Blurred Lines Between Work and Home
Lines can often feel blurred when it comes to separating home and work. When you're working from home, everything you do is in your living space, which is completely different than going into a physical office.
It's really important to have a designated space where you can do work in your home so your body naturally creates differentiation between work and rest. This space, even if it is just a corner of a living room or bedroom with a divider, becomes a place where you are able to focus on your work day. This is crucially important not only for helping you focus during your day as a provider, but also to allow the rest of your home to remain a space of refuge for your non-work related life.
Increased Screen Time
The use of screens increases when work becomes digital which can definitely be draining. Remote work, with its increased screen time, can be fatiguing on your eyes and brain because your eyes are constantly having to focus on a screen with a certain type of light while maneuvering between various pages, documents, and programs. After work it's important to take some time to do things that don't actually involve a screen. Maybe you opt to take a walk, read a book, listen to music, or do something else that allows you to be present and immersed in your environment.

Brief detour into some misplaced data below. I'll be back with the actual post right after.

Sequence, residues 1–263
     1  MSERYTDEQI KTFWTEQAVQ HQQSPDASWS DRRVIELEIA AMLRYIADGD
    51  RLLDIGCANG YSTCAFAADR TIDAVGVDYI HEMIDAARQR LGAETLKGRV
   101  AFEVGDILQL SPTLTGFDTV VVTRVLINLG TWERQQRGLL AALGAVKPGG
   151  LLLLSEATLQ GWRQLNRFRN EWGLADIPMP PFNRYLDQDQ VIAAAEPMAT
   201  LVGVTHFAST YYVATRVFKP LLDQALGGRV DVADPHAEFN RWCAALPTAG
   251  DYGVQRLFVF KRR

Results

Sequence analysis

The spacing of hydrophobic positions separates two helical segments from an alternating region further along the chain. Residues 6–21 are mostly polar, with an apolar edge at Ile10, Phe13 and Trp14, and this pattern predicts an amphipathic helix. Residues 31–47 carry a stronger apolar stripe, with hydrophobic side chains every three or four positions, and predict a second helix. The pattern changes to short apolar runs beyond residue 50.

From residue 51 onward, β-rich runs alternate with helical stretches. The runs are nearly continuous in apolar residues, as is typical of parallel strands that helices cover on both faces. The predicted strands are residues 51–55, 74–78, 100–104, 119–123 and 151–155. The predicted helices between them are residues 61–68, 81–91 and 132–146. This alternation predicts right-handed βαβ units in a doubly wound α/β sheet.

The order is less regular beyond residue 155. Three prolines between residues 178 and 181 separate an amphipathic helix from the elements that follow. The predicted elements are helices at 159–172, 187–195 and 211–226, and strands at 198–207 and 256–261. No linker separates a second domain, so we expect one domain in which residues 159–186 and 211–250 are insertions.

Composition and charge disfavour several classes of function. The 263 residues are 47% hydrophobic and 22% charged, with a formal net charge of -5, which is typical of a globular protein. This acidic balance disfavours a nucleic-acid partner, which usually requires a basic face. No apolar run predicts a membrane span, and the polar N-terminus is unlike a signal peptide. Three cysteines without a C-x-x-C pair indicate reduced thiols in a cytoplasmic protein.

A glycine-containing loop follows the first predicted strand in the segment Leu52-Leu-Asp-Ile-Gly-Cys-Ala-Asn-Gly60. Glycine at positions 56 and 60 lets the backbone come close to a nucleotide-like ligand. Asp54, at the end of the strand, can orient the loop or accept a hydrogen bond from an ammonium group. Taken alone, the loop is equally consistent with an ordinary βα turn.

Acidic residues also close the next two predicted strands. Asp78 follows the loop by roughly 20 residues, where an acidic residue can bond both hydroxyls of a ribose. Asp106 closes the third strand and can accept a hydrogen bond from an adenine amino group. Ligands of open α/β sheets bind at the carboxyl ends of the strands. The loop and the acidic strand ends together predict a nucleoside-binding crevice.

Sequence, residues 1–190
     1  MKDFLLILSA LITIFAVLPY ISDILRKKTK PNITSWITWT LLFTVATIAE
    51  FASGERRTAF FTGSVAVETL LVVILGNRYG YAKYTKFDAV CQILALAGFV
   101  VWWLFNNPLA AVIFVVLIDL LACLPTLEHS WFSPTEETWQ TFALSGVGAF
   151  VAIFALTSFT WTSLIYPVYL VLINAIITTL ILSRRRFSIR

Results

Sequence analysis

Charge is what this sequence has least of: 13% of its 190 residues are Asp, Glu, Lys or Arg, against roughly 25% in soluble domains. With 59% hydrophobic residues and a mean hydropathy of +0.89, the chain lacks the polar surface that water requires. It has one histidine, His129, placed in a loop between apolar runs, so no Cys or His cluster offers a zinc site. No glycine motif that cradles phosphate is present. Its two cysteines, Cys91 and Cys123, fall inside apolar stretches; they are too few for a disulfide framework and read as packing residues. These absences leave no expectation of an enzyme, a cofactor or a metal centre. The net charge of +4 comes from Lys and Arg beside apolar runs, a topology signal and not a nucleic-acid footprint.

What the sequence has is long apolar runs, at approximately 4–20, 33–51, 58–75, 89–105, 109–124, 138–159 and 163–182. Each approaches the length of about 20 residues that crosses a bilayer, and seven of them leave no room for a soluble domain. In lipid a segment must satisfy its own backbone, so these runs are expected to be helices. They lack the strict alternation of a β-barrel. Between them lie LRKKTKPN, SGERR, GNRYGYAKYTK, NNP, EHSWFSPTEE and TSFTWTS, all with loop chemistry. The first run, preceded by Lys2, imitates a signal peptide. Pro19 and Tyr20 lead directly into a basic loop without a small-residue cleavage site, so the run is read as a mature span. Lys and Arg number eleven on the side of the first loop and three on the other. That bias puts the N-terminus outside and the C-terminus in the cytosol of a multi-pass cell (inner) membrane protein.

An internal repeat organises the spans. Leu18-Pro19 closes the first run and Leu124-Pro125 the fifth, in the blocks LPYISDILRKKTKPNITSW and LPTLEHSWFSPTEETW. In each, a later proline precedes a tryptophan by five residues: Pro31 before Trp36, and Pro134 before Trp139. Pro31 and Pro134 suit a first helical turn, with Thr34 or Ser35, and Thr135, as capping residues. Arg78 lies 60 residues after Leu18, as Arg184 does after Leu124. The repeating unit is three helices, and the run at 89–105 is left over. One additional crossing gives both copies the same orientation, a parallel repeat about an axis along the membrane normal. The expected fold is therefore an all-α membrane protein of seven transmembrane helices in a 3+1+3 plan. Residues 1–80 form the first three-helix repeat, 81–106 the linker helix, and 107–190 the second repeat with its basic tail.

Adjusting to A Singular Location
Feeling static in your own home can also be difficult when you’re used to associating work with a commute that allows you to mentally prepare for your work day ahead. Transitioning to the home workspace can mean your commute is reduced from a car, bus, or train ride into a few steps within your own home. Not only does the work from home life change your pre-work routine, it also reduces interpersonal interactions that we become so used to.
It takes some time to adjust to these changes, but one of the main benefits of this life-change is that we must become more intentional with our time outside the home and with our interaction with others. By running a remote practice, you will have the time and motivation to explore your area and seek out meaningful social interactions outside of the workplace. This can be an incredibly eye-opening and enriching experience.